ILLINOIS (IRN) — With new COVID-19 mitigation orders from Gov. J.B. Pritzker, lawmakers continue to feel left out. Some are looking to represent their constituents in plans that are changing Illinois’ economic landscape.
Since March, businesses have been on and off and on again, with capacity limits bouncing around, all driven by the Pritzker administration’s use of data it reports out. When asked Thursday to explain restrictions, Pritzker was visibly frustrated.
“I’m not going to have individual discussions right here about each one of these items, happy to have you review them all, and then come back,” Pritzker said to a reporter Tuesday after announcing new mitigations on businesses. “Talk to a doctor. Find out what they say and then come back.”
The governor announced a slew of regulations on capacity and operations for businesses across the board starting Friday. “We’ve tried very hard over time to show you what kinds of things work and what kinds of things don’t,” Pritzker said. “These kinds of things work.”
Some lawmakers have said daily press conferences aren’t enough. They’ve called for detailed public hearings. Last week, state Sen. Sue Rezin, R-Morris, and state Rep. LaShawn Ford, D-Chicago, called for public hearings, or they’d start holding townhall hearings. Democratic legislative leaders have not indicated they will call public hearings. There’s also frustration that the fall session that was supposed to begin Tuesday was canceled and the governor doesn’t seem poised to call a special session as he has the power to do.
State Rep. Avery Bourne, R-Raymond, said it’s time to bring lawmakers back. “We deserve the concrete data that we’ve been demanding for months,” Bourne said. “We need this, the public needs this and deserves this, we need hearings, we need audits, and we need formal legislative input.”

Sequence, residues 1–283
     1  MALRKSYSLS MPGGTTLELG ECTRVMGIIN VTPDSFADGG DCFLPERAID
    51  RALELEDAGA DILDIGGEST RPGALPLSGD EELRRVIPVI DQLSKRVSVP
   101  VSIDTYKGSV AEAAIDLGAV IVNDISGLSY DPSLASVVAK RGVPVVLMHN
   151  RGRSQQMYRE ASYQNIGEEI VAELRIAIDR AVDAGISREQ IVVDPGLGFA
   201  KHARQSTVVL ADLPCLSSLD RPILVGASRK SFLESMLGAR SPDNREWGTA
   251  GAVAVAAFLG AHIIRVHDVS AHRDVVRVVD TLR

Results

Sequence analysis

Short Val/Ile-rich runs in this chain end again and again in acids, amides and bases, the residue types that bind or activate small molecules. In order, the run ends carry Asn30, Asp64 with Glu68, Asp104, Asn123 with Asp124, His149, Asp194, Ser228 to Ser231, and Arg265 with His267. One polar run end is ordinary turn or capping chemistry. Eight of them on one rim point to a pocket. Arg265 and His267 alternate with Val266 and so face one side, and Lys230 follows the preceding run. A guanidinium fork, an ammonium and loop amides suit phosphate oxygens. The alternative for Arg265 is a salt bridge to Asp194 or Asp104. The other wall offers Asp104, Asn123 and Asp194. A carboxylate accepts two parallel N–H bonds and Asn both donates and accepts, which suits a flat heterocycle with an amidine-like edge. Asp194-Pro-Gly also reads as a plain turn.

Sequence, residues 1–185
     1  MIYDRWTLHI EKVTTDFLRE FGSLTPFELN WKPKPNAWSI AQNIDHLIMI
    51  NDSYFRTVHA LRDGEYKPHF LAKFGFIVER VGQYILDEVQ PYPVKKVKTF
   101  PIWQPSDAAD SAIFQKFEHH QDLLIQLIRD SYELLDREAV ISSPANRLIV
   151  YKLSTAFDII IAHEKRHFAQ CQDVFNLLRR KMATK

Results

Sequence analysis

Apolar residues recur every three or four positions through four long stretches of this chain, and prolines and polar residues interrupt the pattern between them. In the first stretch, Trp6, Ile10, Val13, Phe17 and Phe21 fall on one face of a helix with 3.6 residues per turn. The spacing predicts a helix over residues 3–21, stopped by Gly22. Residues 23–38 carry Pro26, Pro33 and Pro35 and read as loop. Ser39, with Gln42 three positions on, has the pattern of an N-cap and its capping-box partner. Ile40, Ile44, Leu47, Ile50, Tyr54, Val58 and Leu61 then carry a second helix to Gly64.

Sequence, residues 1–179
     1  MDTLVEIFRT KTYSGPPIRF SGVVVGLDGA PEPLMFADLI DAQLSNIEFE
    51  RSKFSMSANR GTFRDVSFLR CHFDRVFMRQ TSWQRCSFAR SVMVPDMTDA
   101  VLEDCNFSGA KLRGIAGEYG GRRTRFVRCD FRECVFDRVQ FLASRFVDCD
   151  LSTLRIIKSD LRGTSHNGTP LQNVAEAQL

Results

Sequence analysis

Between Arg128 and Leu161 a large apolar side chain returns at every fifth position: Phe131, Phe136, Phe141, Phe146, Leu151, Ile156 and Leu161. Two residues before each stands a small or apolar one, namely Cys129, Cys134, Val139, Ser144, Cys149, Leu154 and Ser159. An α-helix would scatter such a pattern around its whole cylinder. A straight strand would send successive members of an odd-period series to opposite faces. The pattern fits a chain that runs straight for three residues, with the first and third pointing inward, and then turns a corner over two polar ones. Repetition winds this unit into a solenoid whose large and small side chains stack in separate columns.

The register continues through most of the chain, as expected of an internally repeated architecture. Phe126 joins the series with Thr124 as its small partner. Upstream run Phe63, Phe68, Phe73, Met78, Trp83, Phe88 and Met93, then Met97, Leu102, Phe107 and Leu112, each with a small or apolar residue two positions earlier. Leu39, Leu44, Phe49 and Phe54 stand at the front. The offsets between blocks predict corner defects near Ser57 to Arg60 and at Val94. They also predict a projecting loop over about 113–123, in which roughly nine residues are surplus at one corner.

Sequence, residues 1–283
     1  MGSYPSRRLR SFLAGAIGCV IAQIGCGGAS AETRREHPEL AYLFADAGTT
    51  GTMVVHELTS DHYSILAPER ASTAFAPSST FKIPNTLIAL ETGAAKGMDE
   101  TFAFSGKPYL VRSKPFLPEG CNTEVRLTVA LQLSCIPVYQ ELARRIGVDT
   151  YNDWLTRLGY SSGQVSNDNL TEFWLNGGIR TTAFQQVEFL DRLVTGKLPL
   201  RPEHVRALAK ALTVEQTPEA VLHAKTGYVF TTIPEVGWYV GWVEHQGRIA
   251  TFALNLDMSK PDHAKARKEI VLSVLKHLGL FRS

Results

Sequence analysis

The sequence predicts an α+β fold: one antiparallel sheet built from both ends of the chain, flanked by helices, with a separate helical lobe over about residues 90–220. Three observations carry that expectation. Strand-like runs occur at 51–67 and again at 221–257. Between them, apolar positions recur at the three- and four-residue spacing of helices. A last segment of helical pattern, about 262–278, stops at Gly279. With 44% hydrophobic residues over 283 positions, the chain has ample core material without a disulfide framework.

State Sen. Robert Martwick, D-Chicago, said the governor is being transparent with the metrics he’s used and the actions he’s taken, and that the governor has the authority to act as an executive short term. “But long term policies should be set out by the General Assembly, that’s our role,” Martwick said. “So, yeah, we absolutely should be having hearings and discussions and we should be playing a role in this process.”
Bourne said she wants to reign in the governor’s authority. “The Legislature can and should pass a law that says that the governor can issue one emergency executive order and then needs to come back to the legislature for more response,” Bourne said.
The state statute for the governor’s executive authority is being challenged in the courts with mixed interpretation on whether the governor only has the authority for 30 days, or if that authority allows for revolving orders, month-after-month as Pritzker has issued.
Lawmakers are off until sometime in January, returning to Springfield just before the new legislature is seated.